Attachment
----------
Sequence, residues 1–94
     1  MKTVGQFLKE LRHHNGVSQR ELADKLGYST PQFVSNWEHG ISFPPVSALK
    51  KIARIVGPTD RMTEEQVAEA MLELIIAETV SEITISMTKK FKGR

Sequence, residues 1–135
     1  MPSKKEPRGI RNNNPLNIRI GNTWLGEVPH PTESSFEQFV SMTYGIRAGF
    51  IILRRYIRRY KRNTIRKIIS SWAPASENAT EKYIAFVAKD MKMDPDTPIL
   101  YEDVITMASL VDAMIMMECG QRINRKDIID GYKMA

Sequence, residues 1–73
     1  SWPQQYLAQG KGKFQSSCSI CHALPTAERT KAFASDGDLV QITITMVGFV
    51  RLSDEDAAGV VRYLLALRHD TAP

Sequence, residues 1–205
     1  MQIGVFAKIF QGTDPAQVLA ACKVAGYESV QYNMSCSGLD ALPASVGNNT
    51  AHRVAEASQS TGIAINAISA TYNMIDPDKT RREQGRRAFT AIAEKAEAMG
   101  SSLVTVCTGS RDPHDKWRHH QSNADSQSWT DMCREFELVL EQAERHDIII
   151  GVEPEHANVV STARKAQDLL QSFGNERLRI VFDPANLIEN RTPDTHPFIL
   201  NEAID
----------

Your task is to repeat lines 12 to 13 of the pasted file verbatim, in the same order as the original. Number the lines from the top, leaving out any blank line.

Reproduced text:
     1  MQIGVFAKIF QGTDPAQVLA ACKVAGYESV QYNMSCSGLD ALPASVGNNT
    51  AHRVAEASQS TGIAINAISA TYNMIDPDKT RREQGRRAFT AIAEKAEAMG